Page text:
If you're a fighter for the UFC, things just got real up in here. More specifically, fans may remember a couple months ago, when the UFC made a big public announcement about how they were going to push athletic commissions to enforce much harsher drug testing policies and much larger punishments for drug test failures. The question, of course, was just how eager would athletic commissions be to take on this UFC proposal? It looks like the answer, at lest in Nevada, is "very."
The Nevada State Athletic Commission (NAC) rolled out a number of new drug testing measures on Friday, May 15th, including heavily increased punishments across the board for all number of drug testing violations. Most notably, fighters that fail a post-fight drug test will now be credited with a loss instead of a no contest.
Here's a look at some of proposed changes regarding the use of illegal substances:
Proposed suspension lengths and fines for various substances at NSAC hearing. pic.twitter.com/jwUc04eRKC— Brett Okamoto (@bokamotoESPN) May 15, 2015
The new penalties have been approved by the Nevada Athletic Commission— Jason Floyd (@Jason_Floyd) May 15, 2015
ALSO NOTEWORTHY! Earmarked for future discussion: Should NSAC continue to follow WADA's testing and tolerance levels for cannabis?— Brett Okamoto (@bokamotoESPN) May 15, 2015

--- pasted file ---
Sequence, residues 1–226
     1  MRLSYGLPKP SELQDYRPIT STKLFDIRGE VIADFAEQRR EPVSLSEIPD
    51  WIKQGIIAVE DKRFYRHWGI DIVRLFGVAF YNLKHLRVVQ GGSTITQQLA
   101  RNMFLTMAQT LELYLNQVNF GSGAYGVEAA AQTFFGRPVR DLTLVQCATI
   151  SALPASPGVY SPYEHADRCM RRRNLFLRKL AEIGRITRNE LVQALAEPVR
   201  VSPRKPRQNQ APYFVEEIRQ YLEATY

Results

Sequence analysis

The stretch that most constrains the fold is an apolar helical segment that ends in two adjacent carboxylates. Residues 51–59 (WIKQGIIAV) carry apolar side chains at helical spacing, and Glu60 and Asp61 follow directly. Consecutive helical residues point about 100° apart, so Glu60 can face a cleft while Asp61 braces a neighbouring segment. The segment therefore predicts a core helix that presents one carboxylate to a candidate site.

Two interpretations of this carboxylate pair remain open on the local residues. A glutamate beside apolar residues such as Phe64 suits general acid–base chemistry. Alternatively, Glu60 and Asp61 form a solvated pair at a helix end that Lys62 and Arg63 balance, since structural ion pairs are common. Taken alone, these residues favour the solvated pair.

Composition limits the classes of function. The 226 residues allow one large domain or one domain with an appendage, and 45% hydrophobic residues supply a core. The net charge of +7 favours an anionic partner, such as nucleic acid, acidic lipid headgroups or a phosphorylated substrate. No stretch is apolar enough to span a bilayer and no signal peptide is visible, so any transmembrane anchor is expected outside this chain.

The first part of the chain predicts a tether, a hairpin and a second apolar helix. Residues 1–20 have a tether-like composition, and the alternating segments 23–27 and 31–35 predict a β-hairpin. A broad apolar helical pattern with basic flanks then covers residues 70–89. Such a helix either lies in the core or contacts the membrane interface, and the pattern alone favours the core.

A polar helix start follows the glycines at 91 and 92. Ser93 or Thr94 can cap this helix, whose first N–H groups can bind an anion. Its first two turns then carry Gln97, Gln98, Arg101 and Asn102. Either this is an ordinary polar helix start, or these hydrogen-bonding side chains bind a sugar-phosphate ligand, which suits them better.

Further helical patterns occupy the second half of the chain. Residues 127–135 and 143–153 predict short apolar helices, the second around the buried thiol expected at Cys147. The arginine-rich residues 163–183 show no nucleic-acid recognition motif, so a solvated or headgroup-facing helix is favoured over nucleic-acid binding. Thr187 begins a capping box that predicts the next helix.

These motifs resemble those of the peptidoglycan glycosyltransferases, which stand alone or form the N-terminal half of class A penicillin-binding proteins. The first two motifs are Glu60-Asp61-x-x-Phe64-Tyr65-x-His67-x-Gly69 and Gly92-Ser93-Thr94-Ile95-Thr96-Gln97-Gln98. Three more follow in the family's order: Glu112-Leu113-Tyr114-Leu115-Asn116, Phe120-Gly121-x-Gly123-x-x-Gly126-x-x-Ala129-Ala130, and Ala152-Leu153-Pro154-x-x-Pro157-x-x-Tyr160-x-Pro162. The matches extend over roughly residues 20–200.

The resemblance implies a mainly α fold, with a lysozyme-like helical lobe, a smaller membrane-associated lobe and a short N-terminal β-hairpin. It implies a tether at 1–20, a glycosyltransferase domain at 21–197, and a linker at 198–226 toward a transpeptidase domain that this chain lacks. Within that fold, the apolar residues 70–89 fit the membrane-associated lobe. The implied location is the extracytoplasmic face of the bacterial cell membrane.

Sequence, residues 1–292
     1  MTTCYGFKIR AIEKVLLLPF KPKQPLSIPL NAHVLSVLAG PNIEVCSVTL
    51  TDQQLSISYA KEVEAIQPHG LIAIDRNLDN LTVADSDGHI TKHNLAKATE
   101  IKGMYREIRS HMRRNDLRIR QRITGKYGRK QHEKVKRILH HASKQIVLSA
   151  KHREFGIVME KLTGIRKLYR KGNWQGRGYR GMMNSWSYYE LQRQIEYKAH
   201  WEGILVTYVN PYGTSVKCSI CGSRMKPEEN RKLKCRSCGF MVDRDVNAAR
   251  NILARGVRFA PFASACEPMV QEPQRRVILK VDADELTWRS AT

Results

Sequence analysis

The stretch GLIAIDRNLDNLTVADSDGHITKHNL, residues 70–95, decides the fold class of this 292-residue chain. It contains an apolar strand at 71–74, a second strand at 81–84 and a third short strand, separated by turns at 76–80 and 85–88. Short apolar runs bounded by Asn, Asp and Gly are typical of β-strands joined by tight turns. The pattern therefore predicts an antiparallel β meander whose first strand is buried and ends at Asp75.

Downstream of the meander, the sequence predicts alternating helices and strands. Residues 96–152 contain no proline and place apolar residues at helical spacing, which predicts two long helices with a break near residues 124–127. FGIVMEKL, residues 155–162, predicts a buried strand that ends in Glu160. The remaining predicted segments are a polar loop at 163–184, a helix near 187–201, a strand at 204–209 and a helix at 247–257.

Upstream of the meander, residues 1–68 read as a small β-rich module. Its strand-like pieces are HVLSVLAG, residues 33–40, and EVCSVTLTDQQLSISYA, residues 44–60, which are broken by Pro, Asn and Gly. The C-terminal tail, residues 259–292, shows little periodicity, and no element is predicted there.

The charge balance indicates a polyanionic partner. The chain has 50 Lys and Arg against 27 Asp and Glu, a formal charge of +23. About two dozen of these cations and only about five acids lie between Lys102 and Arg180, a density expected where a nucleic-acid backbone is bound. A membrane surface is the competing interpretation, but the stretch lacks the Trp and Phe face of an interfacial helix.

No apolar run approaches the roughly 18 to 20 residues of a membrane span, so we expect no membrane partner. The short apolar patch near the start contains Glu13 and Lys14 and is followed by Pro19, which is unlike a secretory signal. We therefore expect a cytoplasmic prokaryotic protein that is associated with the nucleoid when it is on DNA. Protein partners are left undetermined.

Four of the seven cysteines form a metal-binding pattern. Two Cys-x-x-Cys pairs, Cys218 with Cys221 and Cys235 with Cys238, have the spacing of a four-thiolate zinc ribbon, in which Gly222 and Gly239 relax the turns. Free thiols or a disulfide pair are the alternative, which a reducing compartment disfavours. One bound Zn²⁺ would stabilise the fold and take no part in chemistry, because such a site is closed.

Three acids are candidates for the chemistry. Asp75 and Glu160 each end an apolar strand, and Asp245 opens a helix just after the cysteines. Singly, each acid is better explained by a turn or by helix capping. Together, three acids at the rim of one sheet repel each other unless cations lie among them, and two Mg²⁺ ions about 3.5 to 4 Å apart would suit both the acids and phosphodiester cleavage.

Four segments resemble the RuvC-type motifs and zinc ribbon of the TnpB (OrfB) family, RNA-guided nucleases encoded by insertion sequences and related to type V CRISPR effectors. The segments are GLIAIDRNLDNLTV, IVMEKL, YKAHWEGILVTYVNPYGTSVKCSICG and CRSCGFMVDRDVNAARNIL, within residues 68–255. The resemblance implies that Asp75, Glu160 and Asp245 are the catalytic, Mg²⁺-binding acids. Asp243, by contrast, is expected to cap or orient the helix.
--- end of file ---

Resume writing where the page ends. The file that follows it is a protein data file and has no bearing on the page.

That's right, the second offense for smoking pot will now land you a harsher sentence than using diuretics. There are a handful of UFC fighters who are already sitting right in those cross-hairs. Word is that the new punishments will go into effect starting September 1st, but for now the NAC has officially put them on the books. This is a major shift in the drug testing landscape for MMA, time will tell if it's actually for the better.
UPDATE: MMAFighting's Shaun Al-Shatti reported a couple of interesting additional points from the NAC's announcements:
Nevada Athletic Commission plans to reach out to all commissions in the country and recommend they follow the NAC's lead, re: punishments.— Shaheen Al-Shatti (@shaunalshatti) May 15, 2015
NAC votes to shift diuretics and stimulants from the 'in-competition' prohibited list to the 'always prohibited' list.— Shaheen Al-Shatti (@shaunalshatti) May 15, 2015
UPDATE 2: Apparently the NAC has amended some of their own proposals. The updated regulations were posted by ESPN's Brett Okamoto on Twitter.
I believe I noted every amendment, but will confirm after meeting. This is the updated list of fines/suspensions. pic.twitter.com/4M3psalaH5— Brett Okamoto (@bokamotoESPN) May 15, 2015